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1

Just a small addendum: The phrase "Der Dativ ist dem Genitiv sein Tod" has become very popular again within the last years. One of the more popular ambassador of this oppinion is a journalist called Bastian Sick, who writes his columns entitled "Zwiebelfisch", published on the german magazine Spiegel. The phrase itself is kind of a wordplay as it ...


5

The Dative-E is considered dated, but you can of course use it. According to Wikipedia, it never appears with: feminine nouns nouns ending on -el, -en, em, -er, names or foreign words Dudengrammatik lists four factors in § 317: I) word is part of the basic vocabulary or part of an idiom II) exalted speech III) nouns which can have a long genitive ...


1

The verb "geben" usually comes with two object, a thing given and an entity given to. You can technically skip one or even both object but you need a REALLY good context for it. If it is just an isolated sentence it will appear as if there's something missing to most people. Unsere Beziehung ist aus der Ballance. Du nimmst. Ich gebe. (both objects ...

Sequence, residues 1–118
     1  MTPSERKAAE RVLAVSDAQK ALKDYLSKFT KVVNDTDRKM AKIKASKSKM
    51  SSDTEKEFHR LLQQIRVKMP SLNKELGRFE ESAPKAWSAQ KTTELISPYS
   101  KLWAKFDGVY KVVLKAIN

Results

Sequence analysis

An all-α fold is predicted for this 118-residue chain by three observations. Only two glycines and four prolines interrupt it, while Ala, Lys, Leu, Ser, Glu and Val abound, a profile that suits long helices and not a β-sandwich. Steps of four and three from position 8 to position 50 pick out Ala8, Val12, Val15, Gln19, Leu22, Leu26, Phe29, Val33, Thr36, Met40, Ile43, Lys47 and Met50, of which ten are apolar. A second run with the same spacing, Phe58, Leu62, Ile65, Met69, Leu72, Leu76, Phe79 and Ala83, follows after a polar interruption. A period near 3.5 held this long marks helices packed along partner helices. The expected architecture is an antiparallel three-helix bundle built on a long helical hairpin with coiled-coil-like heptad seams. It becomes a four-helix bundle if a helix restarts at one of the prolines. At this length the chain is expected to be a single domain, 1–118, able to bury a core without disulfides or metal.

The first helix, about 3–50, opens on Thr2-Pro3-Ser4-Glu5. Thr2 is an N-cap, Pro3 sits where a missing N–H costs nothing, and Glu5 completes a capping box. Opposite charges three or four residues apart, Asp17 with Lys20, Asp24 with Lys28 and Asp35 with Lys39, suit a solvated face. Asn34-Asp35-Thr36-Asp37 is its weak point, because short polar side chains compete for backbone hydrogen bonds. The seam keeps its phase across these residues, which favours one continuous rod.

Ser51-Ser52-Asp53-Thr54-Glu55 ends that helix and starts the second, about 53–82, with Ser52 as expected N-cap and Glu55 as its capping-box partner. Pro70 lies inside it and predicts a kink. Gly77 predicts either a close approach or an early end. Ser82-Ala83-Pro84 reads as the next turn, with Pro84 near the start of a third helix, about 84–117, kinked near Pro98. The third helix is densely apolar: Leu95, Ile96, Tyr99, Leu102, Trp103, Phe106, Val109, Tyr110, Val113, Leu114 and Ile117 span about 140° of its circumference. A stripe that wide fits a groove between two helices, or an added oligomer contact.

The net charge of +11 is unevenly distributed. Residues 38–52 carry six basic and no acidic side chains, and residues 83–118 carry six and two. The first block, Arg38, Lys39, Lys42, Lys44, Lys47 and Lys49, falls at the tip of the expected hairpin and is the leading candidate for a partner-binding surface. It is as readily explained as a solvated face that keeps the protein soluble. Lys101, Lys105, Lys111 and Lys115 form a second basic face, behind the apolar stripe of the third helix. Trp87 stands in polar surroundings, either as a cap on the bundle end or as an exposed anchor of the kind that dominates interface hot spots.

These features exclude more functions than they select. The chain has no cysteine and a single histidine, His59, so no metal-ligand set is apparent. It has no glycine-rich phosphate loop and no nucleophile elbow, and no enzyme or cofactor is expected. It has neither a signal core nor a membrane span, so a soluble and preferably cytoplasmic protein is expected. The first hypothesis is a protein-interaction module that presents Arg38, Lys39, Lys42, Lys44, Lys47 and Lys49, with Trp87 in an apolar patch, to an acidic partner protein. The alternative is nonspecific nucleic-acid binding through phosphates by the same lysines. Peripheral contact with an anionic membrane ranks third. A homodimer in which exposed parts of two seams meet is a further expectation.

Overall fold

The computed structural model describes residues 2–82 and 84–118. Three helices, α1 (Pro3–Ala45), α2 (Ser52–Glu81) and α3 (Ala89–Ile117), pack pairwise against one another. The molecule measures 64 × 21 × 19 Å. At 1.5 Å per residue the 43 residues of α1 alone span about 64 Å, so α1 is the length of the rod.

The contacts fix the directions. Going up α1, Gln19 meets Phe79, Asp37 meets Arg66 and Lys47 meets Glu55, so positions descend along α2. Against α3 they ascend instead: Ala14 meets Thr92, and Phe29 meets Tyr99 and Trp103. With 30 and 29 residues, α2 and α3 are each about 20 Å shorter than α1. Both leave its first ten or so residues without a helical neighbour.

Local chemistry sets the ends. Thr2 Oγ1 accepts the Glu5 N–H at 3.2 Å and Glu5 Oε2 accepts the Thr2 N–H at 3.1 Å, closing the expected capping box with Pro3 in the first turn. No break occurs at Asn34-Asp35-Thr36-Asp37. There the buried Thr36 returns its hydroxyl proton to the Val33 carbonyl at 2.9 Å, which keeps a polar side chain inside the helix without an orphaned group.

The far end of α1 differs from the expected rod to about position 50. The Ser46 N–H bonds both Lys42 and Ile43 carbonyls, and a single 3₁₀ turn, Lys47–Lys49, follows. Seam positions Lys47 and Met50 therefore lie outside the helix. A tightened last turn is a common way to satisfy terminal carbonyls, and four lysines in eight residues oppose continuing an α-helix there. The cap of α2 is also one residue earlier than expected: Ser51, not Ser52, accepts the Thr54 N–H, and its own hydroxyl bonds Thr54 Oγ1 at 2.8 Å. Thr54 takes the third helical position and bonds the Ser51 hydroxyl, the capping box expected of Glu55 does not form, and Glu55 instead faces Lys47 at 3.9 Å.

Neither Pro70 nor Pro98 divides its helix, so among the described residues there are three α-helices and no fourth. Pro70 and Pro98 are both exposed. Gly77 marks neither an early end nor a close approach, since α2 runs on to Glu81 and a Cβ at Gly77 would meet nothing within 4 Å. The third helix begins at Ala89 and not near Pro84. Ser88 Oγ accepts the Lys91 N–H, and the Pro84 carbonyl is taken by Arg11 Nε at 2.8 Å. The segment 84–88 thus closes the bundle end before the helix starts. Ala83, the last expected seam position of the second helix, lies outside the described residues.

1

If you really, really wanted to say "I pass on the flower that a woman gave to me" using only the words in your example, then you would have to say Ich gebe die Rose einer Frau. And then you would almost certainly be misunderstood, because using 'geben' without a direct object is very uncommon, and the genitive you are using is exactly the same form ...


0

The genitive forms of the pronouns are "meiner", "deiner", "seiner", "ihrer", "seiner", "unser", "euer", "ihrer", so it's "anstatt seiner". Note, however, that all the genitive forms are relatively uncommon in colloquial speech.


2

I think you have (at least) three possibilities here: You take the genitive of the personal pronoun (male, singular) which is seiner: Anstatt seiner habe ich sie gewählt. Since nobody uses the genitive form seiner in every-day speech, you can use the dative form ihm; my guess is that is the most common version but prescriptivists won't like it: Anstatt ...



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